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Prayer is the Christian's vital breath.

The Christian's native air; His watchword at the gates of death;

He enters Heaven with prayer.

The saints, in prayer, appear as one
In word, and deed, and mind,

While with the Father and the Son
Sweet fellowship they find.

Nor prayer is made by man alone,

The Holy Spirit pleads;
And Jesus, on th' eternal throne,

For sinners intercedes.

O Thou, by whom we come to God!

The Life, the Truth, the Way! The path of prayer Thyself hast trod:

Lord! teach us how to pray.

J. Montgomery

Ii

PSALM CXLVIII

Come, 0! come, with sacred lays,
Let us sound th' Almighty's praise;
Hither, bring in true consent,
Heart, and voice, and instrument.
Let the orpharion sweet
With the harp and viol meet:

L

To your voices tune the lute:
Let not tongue nor string be mute:
Nor a creature dumb be found,
That hath either voice or sound.

Let such things as do not live,
In still music praises give;
Lowly pipe, ye worms that creep
On the earth, or in the deep;
Loud aloft your voices strain,
Beasts and monsters of the main;
Birds, your warbling treble sing;
Clouds, your peals of thunder ring;
Sun and Moon exalted higher,
And you Stars, augment the quire.

Come, ye sons of human race,
In this chorus take your place,
And amid this mortal throng,
Be ye masters of the song.
Angels and celestial powers,
Be the noblest tenor yours.
Let, in praise of God, the sound
Run a never-ending round,
That our holy hymn may be
Everlasting, as is He.

From the earth's vast hollow womb
Music's deepest bass shall come,
Sea and floods from shore to shore
Shall the counter-tenor roar.
To this concert, when we sing,
Whistling winds, your descant bring:
Which may bear the sound above
Where the orb of fire doth move;
And so climb from sphere to sphere,
Till our song th' Almighty hear.

So shall He from Heaven's high tower
On the earth His blessing shower;
All this huge wide orb we see
Shall one choir, one temple be;
There our voices we will rear
Till we fill it everywhere:
And enforce the fiends that dwell
In the air, to sink to hell.
Then, 0 ! come, with sacred lays,
Let us sound th' Almighty's praise.

G. Wither

III

HYMN OF PRAISE

Holy, holy, holy, Lord,

God of Hosts! When heaven and earth Out of darkness, at Thy Word,

Issued into glorious birth,
All Thy works before Thee stood,
And Thine eye beheld them good,
While they sang with one accord,

Holy, holy, holy, Lord!

Holy, holy, holy! Thee

One Jehovah evermore Father, Son, and Spirit, we,

Dust and ashes, would adore:

Lightly by the world esteem'd,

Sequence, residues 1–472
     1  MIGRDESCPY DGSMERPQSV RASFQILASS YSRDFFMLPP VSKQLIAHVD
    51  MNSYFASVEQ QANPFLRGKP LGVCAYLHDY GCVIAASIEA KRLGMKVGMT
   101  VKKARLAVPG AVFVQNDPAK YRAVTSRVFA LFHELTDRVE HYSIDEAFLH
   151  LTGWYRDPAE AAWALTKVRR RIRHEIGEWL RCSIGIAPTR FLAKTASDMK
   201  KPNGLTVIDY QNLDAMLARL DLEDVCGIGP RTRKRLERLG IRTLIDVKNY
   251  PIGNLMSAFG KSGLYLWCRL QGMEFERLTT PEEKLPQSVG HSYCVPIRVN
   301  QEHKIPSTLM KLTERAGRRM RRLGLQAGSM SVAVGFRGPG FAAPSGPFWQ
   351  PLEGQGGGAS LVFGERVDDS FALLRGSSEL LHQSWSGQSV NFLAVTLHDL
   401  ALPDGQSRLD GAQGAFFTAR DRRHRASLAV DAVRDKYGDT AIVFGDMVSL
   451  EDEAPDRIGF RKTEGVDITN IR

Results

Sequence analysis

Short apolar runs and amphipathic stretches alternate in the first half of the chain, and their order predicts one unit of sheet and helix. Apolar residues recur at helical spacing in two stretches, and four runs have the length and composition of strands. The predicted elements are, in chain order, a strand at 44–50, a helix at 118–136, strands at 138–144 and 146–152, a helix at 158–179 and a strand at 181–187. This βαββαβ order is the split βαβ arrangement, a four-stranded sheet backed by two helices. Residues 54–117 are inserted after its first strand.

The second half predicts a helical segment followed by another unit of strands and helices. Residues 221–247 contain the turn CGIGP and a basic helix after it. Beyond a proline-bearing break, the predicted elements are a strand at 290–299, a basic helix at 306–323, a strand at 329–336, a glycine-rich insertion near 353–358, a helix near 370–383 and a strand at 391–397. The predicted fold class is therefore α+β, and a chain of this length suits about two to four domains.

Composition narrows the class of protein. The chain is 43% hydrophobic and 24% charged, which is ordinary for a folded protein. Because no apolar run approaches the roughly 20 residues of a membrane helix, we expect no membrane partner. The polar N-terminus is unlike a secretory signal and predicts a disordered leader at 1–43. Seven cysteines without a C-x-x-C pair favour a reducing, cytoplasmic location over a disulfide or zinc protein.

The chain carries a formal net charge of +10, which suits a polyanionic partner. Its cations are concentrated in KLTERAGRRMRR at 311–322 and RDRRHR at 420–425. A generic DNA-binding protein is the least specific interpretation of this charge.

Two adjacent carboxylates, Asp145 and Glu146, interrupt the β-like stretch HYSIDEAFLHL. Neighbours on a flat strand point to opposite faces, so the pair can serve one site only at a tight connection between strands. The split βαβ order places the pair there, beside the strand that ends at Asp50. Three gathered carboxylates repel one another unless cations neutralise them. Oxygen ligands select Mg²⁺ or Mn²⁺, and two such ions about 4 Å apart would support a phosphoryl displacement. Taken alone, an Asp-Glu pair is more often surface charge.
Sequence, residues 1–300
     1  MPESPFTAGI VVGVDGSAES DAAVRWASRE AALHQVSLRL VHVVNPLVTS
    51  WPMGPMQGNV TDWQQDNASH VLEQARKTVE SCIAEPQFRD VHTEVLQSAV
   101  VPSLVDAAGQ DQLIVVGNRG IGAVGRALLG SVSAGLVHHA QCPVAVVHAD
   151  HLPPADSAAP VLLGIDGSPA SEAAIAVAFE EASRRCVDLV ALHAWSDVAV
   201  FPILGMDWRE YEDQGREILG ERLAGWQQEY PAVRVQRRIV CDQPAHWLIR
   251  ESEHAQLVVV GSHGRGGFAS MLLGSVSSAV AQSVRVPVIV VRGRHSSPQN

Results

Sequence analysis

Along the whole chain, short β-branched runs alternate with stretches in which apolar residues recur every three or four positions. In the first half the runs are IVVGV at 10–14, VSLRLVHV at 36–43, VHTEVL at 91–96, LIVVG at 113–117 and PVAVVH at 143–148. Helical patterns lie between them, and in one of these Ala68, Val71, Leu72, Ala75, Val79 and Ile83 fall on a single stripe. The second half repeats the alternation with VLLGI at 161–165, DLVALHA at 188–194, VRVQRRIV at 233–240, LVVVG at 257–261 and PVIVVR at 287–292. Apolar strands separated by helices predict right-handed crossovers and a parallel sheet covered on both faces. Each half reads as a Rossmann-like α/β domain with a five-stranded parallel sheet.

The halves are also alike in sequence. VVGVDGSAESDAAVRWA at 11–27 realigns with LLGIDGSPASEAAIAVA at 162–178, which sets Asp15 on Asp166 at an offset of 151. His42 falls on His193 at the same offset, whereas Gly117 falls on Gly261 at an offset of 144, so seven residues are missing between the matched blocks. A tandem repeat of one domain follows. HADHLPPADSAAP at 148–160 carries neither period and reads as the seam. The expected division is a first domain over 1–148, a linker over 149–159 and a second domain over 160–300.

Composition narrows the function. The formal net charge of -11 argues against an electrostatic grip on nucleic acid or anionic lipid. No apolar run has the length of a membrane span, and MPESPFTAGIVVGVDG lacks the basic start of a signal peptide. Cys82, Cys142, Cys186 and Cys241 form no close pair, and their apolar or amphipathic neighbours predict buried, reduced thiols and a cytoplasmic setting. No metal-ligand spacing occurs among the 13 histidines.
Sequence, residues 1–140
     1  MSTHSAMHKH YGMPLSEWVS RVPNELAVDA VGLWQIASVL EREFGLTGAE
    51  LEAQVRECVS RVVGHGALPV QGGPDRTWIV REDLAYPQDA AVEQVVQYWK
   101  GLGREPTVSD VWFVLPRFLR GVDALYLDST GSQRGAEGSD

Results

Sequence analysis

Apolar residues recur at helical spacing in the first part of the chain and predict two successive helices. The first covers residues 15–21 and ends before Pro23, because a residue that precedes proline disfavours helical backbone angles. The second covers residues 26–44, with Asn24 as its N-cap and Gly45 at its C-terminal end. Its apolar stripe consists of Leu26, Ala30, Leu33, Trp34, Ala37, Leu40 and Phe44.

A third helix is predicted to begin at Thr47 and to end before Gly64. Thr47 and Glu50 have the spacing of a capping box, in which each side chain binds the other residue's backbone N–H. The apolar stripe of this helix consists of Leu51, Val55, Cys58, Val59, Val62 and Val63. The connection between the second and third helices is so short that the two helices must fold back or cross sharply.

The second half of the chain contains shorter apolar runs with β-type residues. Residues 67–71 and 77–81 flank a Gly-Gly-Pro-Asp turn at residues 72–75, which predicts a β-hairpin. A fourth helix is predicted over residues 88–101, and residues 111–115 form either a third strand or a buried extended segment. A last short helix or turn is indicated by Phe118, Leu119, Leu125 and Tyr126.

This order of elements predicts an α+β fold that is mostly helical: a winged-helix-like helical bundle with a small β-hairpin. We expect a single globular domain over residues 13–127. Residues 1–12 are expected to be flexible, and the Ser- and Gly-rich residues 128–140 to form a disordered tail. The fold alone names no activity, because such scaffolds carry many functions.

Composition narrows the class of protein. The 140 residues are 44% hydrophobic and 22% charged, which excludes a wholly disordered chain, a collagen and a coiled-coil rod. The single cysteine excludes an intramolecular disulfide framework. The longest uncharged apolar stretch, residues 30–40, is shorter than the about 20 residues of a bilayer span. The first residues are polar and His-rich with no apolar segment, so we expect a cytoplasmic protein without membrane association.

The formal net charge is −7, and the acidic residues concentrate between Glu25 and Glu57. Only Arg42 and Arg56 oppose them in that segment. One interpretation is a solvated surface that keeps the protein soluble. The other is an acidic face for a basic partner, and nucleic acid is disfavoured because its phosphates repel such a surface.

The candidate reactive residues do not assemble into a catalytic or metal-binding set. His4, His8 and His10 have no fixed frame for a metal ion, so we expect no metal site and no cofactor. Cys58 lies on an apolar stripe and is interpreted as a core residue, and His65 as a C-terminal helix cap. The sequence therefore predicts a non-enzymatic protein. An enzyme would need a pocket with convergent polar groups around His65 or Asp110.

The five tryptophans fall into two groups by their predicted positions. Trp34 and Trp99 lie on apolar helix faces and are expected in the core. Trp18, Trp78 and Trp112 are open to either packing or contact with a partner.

From that world by Thee redeem'd,
Sing we here, with glad accord,
Holy, holy, holy, Lord!

Holy, holy, holy! all

Heaven's triumphant choir shall sing, When the ransom'd nations fall

At the footstool of their King: Then shall saints and seraphim, Hearts and voices, swell one hymn, Round the throne with full accord,

Holy, holy, holy, Lord!

J. Montgomery

IV

THE GOODNESS OF GOD

Yes, God is good: in earth and sky,
From ocean-depths and spreading wood,

Ten thousand voices seem to cry,

"God made us all, and God is good."

The sun that keeps his trackless way,
And downward pours his golden flood,

Night's sparkling hosts, all seem to say,
In accents clear, that God is good.

The merry birds prolong the strain,
Their song with every spring renew'd;

And balmy air, and falling rain,
Each softly whisper, "God is good."

I hear it in the rushing breeze;

The hills that have for ages stood, The echoing sky, and roaring seas,

All swell the chorus, "God is good."

Yes, God is good, all Nature says,

By God's own hand with speech endued;

And man, in louder notes of praise,

Should sing for joy that "God is good."

For all Thy gifts we bless Thee, Lord,
But chiefly for our heavenly food,

Thy pardoning grace, Thy quick'ning word;
These prompt our song that " God is good."

y. H. Gurney

THE GOODNESS OF PROVIDENCE

The Lord my pasture shall prepare,
And feed me with a shepherd's care;
His presence shall my wants supply,
And guard me with a watchful eye;
My noon-day walks He shall attend,
And all my midnight hours defend.

When in the sultry glebe I faint,
Or on the thirsty mountains pant,
To fertile vales, and dewy meads,
My weary wandering steps He leads,

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